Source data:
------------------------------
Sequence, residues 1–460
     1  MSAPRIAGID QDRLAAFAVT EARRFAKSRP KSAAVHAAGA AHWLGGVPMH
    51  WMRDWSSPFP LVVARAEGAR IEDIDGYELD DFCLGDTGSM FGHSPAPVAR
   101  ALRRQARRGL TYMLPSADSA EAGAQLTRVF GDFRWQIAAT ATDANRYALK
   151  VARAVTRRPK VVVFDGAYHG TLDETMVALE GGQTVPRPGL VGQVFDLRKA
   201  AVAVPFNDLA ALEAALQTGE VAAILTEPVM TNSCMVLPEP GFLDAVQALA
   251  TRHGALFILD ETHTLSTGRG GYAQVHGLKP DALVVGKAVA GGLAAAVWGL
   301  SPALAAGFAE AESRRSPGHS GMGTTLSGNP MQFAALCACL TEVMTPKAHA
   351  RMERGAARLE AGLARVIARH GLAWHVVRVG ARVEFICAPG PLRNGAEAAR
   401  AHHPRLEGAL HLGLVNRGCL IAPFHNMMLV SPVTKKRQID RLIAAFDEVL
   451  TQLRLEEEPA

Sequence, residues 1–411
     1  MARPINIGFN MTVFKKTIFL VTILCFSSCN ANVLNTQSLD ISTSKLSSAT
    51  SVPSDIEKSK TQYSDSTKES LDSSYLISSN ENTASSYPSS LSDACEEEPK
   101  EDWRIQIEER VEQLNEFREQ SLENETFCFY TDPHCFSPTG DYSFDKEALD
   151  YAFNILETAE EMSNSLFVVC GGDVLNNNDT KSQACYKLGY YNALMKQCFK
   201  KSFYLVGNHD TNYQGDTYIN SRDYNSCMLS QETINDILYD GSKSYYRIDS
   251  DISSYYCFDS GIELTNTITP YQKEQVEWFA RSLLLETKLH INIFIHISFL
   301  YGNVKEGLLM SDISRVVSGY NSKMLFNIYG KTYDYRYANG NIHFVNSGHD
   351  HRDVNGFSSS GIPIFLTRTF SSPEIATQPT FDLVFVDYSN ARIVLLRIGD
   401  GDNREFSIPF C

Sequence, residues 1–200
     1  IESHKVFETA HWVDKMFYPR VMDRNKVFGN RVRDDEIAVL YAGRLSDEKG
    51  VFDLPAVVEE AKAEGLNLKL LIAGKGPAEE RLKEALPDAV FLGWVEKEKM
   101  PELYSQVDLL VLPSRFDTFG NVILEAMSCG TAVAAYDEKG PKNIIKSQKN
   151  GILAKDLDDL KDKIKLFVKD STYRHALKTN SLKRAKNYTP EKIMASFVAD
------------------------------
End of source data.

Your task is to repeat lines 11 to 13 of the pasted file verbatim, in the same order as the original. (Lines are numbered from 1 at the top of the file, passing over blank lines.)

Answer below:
   451  TQLRLEEEPA

Sequence, residues 1–411
     1  MARPINIGFN MTVFKKTIFL VTILCFSSCN ANVLNTQSLD ISTSKLSSAT